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20.5.08

Some LA education spending likely to merit retention

As noted yesterday, Louisiana House budget-trimming excised $52 million in state spending (matched with $131 million of federal matching reductions) in health care which can be handled if done properly. The remainder of the $70 million reduction mainly lies in the area of education, and those expenditures perhaps should stay.

The Senate Finance Committee began to lay the groundwork for this chamber’s dealing with HB 1, the bill that directs state operational spending in most areas, taking testimony from Commissioner of Administration Angèle Davis who asked that most of the cut money be restored. Almost simultaneously at different venues, other state officials and interest groups were tossing out their own views about the impact of these cuts.

Some was self-serving piffle. Nursing home interests, who complained about how their reimbursement rates might not increase as much as they would like that would remain among the lower in the nation, of course conveniently forgot to mention that per capita spending on Louisiana nursing homes is about the highest in the nation and the state has almost the most excess capacity. These inefficient drags on the Louisiana taxpayer (which hopefully will be rectified as the state moves away from its institutional bias in provision to one modeled on community-based care) were created as the industry for decades successfully lobbied for the vast bulk of state money to be spent on long-terms care (so that now 85 percent of its revenues come from that source) and it blithely expects that gravy train to continue to make up for its poor forecasting.

Other defenses were much more reasonable. Education officials pointed out how funds reductions would hamper strides to improve education quality in the state, from pre-kindergarten through graduate schools (although marred somewhat by some fantastically stupid remarks about gun control on campuses, but that’s another story). If done right, the payoff for these could merit the expense.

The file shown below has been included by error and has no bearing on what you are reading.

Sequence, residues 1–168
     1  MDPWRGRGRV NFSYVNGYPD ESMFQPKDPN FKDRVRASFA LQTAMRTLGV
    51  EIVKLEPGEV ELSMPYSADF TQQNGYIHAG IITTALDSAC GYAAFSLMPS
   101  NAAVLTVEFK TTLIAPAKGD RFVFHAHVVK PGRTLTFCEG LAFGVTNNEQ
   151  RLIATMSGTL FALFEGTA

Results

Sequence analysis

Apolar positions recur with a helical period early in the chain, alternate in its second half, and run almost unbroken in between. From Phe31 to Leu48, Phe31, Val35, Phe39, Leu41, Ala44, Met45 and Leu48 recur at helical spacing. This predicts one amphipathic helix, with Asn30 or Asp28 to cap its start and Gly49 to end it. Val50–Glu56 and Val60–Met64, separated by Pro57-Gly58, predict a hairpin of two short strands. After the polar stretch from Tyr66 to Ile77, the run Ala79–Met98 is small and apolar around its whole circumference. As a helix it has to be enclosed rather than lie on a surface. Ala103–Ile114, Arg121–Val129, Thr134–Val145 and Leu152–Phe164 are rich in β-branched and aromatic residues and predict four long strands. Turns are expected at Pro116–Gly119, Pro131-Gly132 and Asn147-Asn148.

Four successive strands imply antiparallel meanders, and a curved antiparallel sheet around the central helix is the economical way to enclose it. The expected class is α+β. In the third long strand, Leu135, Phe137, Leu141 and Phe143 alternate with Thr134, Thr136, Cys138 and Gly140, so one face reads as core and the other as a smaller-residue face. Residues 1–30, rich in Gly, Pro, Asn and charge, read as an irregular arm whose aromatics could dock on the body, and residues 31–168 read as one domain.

Most intriguingly, however, is that part of the cuts seems to put on the back burner Gov. Bobby Jindal’s most ambitious goal concerning universities – realigning funding on the basis of performance indicators. Not surprisingly, higher education wants to have funding continue at the present level – matching the “formula” computed from the average of its Southern peers – without having any mechanism for accountability which is the purpose of the indicators.

Making things even more interesting is that subtle planned budget changes may run the state afoul of the provision that caps state spending increases at the same rate personal individual income growth rises, strengthening the original case of the House that it wanted to reduce spending to curb reliance on “one-time” funds sources for recurring expenditures. Jindal’s budget was well under that figure but contemplated moves could change that, such as plans to appropriate $307.1 million into a “megafund” to attract large employers but shifting up to $100 million out if that remains on Oct. 1 for other purposes could bump up against the cap. In light of this, Davis admitted some budget cutting may have to stay.

House desires and spending cap realities argue that the Senate won’t do a whole lot of restoration to the budget. Where it does happen, probably it will happen mostly in the area of education, and towards the more basic levels. Regardless, dealing with the budget to date also is notable for something else: it’s ahead of the typical schedule by a couple of weeks. One can dream therefore that its debate will be deliberative – especially on the conference committee end where often decisions about what to keep, throw out, and even add have been made in less than a day – meaning some extra rationality may be injected into a process that typically largely, if not totally, lacks it.

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